In the first block of this post, it is not necessary to type in the total number of variables inside the square brackets as the compiler can check that by the number of elements in between the curly brackets. It is not possible to initialize only one or two variables in between the curly brackets, we must initialize all variables in such a case.

Now, we are going to discuss a small case of arrays to pinpoint two things: its importance and the sizeof() operator’s importance (yeah, that useless sizeof()!)

Suppose that we are going to make a game with many enemies. Lets say that they are just 100 in count and we need to have a variable that holds the health for each!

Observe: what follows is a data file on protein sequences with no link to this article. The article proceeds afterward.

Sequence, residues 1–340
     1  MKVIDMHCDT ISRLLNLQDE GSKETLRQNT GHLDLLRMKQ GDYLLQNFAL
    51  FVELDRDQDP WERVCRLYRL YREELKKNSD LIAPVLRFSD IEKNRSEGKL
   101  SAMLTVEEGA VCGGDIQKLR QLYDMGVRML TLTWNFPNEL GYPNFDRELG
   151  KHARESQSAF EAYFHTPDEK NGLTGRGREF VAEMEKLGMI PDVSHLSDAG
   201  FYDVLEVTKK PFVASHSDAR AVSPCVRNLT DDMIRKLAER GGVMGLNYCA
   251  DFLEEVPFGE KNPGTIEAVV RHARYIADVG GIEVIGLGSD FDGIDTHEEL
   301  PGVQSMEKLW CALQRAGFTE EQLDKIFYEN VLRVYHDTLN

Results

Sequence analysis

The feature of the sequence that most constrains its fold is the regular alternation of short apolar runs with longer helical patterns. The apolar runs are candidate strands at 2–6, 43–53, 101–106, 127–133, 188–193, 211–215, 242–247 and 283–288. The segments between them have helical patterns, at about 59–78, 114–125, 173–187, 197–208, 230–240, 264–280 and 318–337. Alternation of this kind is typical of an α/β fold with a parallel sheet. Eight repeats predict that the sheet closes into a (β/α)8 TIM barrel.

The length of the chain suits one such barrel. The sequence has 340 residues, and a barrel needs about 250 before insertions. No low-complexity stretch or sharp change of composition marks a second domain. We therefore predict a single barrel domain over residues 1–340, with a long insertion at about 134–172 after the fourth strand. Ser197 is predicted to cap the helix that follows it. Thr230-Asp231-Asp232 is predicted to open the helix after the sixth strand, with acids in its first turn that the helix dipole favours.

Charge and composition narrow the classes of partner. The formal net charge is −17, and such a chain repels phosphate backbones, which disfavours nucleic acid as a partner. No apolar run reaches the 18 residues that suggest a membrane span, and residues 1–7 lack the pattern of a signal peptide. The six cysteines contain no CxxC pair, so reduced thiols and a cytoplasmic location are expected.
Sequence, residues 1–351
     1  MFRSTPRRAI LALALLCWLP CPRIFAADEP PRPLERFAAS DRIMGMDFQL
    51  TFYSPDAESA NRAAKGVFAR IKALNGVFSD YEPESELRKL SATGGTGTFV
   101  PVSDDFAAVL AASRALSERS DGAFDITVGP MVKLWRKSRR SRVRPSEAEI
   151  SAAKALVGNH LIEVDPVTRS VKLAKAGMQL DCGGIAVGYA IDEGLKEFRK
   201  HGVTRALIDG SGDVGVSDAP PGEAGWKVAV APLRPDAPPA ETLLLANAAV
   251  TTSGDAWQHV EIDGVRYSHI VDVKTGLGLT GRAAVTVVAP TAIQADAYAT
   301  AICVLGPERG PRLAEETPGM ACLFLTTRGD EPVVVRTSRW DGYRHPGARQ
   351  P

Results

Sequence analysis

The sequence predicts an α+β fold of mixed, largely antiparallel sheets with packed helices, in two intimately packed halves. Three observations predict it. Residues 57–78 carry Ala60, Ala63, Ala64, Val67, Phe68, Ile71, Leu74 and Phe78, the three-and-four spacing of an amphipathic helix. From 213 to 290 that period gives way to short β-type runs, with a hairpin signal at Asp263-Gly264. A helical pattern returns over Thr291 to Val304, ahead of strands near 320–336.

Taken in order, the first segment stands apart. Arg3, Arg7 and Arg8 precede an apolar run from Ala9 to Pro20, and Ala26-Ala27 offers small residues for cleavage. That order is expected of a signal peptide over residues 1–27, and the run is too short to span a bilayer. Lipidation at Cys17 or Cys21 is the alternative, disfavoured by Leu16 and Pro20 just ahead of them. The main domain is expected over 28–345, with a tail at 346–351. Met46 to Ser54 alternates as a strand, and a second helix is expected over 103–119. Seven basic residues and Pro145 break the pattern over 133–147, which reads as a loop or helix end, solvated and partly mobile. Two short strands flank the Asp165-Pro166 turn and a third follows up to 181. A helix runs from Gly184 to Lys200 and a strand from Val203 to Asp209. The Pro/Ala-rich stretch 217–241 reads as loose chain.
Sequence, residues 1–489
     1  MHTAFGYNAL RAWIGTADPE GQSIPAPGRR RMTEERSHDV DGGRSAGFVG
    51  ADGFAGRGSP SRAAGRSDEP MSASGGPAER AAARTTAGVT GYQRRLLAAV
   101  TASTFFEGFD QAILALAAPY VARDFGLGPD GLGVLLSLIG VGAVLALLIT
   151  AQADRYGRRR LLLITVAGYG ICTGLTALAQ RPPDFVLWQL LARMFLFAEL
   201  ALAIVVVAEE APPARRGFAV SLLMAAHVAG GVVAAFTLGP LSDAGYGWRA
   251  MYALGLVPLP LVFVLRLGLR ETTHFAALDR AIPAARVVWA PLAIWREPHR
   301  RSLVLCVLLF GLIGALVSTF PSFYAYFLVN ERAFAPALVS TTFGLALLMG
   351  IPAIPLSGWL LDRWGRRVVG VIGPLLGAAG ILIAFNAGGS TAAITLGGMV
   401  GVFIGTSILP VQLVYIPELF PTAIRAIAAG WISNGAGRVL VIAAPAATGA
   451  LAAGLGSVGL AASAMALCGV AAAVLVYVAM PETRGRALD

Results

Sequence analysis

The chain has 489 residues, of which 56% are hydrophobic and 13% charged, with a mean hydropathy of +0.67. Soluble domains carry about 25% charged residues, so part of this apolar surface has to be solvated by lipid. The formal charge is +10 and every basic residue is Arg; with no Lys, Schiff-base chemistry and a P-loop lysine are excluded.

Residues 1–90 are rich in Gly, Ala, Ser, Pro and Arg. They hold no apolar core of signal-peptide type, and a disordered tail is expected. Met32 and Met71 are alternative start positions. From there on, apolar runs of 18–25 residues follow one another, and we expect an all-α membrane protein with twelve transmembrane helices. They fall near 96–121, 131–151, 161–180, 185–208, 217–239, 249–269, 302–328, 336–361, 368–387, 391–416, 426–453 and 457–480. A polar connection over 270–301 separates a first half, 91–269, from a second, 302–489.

Lets us try to do it without arrays. In the main(or int main()) method:

int enemy1_HP = 10;
int enemy2_HP = 10;
int enemy3_HP = 10;
//and so on to...
int enemy99_HP = 10;
int enemy100_HP = 10;


OK? Is that OK? If your answer is ‘No’, then you really don’t like to work hard. But if it is ‘Yes’, then I should have told you that you also need a variable for the position, speed, attack, bullets, coins… and more. Just with the mentioned ones, there will be about 500 lines of code! That is one of the reasons why we should not measure a programmer’s capability by the number of lines in his/her program.

Apart from the problem of having a lot of lines being wasted on variable declaration, there is an even bigger problem! Just tell me, how are you supposed to combine your 100 enemies’ variables with the looping? I mean that there is nothing like index in a large list of singleton variables. It will just get more and more complex!

In short, it will take enough time to complete the game without arrays that we will begin to hate programming. Of course, it is NOT OK at all!

Here is with arrays: